SHIRLEY, George Irving (1934- )
African-American operatic tenor and professor of music. The first African-American tenor to perform a leading role at The Metropolitan Opera.
ALS – Autograph Letter Signed, one page, 2001, on University of Michigan letterhead. Addressed to bookdealer/collector Gil Moody. Reads: Thank you for your kind letteer and for your continued interest in my work. I’m surprised you can still find enough of my recordings to promote! I trust the enclosed photographs will suffice for your needs; there are older ones available, but these tell the current story! Regarding stories, an author is presently hard at work in an attempt to chronicle my story thus far. It will take awhile…Again I thank you for your thoughtfulness; I trust that I shall have the pleasure some day of greeting you in person. Nota bene: letter is handwriting but signature slightly different. Thus the body of the letter may have been dictated and penned by a secretary. Difficult to say but nice content. Nice example of this phenomenally-gifted tenor-academic. Comes with a vintage black and white publicity still of Shirley from 1970 (his performance in The Magic Flute).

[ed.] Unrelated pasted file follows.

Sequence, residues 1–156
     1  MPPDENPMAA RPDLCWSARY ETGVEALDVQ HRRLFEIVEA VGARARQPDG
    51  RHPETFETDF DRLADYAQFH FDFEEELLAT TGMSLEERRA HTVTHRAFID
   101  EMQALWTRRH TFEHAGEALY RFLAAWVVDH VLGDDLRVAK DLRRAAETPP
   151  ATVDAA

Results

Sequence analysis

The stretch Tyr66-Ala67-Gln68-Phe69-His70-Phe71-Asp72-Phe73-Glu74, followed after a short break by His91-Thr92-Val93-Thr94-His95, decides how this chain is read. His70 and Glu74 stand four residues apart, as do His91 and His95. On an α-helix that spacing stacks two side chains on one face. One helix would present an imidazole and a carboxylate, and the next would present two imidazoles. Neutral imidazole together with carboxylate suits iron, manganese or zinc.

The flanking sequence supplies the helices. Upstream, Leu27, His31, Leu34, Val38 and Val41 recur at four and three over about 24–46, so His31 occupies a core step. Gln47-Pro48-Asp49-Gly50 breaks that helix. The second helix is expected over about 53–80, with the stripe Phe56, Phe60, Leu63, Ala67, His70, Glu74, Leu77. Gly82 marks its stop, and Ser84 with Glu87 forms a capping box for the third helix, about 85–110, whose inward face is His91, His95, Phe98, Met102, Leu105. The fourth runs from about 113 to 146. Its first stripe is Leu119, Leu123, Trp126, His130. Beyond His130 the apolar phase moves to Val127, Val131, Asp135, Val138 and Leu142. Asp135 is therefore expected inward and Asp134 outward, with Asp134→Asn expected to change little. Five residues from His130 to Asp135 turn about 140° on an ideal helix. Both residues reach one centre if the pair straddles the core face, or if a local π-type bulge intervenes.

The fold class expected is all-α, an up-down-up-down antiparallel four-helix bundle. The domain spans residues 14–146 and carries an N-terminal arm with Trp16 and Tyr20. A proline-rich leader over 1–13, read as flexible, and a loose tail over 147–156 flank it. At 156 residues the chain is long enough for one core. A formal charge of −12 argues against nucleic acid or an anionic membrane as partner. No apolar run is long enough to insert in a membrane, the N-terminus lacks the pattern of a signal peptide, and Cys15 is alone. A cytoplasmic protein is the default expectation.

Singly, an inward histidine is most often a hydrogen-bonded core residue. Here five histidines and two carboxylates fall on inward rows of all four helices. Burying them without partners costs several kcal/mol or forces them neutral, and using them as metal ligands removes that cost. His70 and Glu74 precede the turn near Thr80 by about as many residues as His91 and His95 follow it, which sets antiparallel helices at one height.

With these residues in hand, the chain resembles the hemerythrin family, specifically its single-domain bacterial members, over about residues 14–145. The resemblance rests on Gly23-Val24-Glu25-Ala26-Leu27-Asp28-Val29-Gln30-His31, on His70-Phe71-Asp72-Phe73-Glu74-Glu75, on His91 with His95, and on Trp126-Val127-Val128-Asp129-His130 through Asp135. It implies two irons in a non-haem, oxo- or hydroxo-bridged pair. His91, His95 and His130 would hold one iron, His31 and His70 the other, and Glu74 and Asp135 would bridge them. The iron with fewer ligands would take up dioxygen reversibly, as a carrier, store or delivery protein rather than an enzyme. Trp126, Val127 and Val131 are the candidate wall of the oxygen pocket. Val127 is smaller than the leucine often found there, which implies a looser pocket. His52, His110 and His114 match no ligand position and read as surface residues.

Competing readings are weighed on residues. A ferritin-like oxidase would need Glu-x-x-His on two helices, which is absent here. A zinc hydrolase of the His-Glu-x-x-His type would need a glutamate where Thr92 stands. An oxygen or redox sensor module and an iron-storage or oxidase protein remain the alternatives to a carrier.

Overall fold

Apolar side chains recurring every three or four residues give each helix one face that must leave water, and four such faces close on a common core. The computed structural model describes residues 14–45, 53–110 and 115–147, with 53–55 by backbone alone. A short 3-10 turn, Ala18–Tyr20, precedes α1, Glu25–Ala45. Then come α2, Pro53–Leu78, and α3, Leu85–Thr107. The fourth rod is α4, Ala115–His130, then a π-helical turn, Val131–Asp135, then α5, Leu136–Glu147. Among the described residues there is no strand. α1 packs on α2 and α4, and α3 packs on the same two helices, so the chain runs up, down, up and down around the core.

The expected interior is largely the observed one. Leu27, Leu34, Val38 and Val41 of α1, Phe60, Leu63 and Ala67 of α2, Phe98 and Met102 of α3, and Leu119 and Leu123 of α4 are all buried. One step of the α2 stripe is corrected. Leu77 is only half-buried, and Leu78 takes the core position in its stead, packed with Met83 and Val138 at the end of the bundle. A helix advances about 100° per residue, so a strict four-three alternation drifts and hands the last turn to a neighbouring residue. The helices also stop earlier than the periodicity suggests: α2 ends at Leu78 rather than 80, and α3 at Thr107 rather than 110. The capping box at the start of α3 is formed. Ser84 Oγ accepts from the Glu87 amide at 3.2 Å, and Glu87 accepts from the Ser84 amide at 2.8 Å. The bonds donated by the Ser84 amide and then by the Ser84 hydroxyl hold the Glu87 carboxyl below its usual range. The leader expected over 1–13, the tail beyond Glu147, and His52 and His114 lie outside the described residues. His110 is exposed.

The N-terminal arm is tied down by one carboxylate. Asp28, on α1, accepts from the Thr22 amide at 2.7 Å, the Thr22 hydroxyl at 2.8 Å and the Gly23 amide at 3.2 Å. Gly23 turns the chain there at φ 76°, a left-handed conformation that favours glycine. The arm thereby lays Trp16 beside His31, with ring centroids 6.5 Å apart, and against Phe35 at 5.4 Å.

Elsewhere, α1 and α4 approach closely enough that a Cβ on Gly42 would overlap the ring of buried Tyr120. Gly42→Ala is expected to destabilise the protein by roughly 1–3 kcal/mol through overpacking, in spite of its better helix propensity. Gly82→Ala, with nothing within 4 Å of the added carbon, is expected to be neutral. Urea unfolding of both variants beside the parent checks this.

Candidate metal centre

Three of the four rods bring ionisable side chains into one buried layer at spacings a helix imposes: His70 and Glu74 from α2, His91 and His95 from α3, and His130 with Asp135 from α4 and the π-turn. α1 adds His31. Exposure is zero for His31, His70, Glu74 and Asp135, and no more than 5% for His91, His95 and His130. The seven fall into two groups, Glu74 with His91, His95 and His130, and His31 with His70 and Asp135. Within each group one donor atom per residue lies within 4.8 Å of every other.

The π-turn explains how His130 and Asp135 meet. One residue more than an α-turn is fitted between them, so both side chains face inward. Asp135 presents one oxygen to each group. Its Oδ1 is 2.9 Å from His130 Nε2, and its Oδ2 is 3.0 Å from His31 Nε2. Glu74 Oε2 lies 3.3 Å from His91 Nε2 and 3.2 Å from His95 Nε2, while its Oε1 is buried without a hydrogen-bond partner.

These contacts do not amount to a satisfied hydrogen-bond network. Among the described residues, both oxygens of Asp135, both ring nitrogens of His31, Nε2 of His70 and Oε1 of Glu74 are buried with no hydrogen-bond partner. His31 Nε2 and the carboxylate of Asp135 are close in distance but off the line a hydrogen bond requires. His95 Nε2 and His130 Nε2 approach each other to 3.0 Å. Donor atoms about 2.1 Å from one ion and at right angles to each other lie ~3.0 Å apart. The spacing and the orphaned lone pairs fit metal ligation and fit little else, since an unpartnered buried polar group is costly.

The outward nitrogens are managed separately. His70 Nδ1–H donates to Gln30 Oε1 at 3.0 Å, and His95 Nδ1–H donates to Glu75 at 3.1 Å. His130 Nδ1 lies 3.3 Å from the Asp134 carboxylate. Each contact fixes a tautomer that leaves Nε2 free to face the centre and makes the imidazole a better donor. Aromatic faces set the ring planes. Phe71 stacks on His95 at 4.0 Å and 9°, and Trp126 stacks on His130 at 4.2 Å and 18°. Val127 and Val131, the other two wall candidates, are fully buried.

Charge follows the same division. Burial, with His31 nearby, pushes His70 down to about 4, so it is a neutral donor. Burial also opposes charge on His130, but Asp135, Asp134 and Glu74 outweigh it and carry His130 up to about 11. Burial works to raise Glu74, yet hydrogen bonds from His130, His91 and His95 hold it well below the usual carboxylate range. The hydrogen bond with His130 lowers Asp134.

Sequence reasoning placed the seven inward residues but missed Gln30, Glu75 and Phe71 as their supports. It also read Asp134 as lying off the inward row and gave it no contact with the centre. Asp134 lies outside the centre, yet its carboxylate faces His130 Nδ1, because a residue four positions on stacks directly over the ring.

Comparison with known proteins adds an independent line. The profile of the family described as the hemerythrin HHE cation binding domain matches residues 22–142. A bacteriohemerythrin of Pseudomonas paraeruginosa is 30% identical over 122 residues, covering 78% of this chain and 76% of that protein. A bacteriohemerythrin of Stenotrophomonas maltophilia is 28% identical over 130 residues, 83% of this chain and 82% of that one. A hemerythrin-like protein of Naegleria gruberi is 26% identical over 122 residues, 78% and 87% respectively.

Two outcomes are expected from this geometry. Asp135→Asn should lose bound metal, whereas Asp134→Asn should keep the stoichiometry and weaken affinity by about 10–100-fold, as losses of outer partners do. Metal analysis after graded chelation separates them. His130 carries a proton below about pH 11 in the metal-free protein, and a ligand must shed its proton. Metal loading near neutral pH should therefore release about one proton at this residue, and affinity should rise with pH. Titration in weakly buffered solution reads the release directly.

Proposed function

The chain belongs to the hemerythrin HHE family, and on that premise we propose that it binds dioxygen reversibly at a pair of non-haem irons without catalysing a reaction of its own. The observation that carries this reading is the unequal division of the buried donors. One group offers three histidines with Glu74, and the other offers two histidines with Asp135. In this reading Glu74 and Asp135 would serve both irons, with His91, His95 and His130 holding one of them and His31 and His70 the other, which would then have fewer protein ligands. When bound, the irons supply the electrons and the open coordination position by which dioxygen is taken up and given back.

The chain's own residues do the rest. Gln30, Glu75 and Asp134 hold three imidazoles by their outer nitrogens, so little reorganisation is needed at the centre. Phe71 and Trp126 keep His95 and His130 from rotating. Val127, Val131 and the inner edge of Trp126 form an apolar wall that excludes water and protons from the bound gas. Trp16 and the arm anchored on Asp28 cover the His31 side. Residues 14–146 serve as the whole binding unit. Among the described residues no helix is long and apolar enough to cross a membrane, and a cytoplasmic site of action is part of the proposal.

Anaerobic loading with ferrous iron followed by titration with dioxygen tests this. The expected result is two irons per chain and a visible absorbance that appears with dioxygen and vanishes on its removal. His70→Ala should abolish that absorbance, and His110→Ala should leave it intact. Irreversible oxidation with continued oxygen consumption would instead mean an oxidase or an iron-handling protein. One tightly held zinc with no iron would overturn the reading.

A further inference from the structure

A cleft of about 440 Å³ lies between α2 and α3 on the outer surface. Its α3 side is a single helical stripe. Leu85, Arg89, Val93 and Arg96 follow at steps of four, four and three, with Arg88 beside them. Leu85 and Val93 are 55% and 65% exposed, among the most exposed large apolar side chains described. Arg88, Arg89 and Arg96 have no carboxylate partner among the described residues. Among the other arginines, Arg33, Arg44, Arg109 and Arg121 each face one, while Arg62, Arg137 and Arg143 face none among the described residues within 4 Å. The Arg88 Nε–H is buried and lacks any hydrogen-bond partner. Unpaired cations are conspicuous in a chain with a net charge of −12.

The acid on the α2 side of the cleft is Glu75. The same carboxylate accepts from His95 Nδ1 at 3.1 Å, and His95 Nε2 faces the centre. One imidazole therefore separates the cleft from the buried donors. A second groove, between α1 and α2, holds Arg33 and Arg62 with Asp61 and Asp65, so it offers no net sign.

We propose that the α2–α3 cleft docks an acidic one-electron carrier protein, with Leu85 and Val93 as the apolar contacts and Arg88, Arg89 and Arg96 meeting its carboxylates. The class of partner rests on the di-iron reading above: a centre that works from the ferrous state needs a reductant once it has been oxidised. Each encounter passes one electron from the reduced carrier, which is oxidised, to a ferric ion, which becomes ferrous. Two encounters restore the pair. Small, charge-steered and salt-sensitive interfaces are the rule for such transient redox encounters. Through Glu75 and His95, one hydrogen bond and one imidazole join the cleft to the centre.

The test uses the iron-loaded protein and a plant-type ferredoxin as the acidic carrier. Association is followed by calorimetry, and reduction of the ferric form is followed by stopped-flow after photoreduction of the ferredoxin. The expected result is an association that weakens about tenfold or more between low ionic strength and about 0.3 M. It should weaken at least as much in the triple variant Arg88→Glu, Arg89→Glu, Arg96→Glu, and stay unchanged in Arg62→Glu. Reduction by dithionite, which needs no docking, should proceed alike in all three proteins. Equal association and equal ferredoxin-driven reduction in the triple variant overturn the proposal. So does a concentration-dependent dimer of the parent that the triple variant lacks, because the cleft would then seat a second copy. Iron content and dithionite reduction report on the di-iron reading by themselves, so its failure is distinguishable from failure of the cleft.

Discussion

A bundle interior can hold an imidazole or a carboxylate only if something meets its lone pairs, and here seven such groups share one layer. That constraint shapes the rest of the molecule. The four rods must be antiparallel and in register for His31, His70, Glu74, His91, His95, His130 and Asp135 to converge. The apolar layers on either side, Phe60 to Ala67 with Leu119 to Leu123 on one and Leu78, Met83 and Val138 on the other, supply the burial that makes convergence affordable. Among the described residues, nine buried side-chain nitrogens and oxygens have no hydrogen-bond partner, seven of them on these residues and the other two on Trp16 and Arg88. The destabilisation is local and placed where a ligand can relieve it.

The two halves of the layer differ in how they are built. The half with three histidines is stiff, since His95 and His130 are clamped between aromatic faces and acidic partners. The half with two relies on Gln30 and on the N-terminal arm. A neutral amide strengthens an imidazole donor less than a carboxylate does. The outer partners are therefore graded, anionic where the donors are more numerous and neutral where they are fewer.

Shirley’s recording of Ferrando in Mozart’s Cosi fan tutte garnered him a Grammy Award. He has three times been a master teacher in the National Association of Teachers of Singing Intern Program for Young NATS Teachers and taught for 10 years at the Aspen Music Festival and School.
Shirley has produced a series of programs for WQXR-FM Radio, New York on “Classical Music and the Afro-American” and hosted a four-hour program series on WETZ-FM Washington DC entitled “Unheard, Unsung.” In 2015 Mr. Shirley received the National Medal of Arts, bestowed upon him by President Barack Obama and, in 2016, he was the recipient of the Lifetime Achievement Award from the National Opera Association at their annual convention.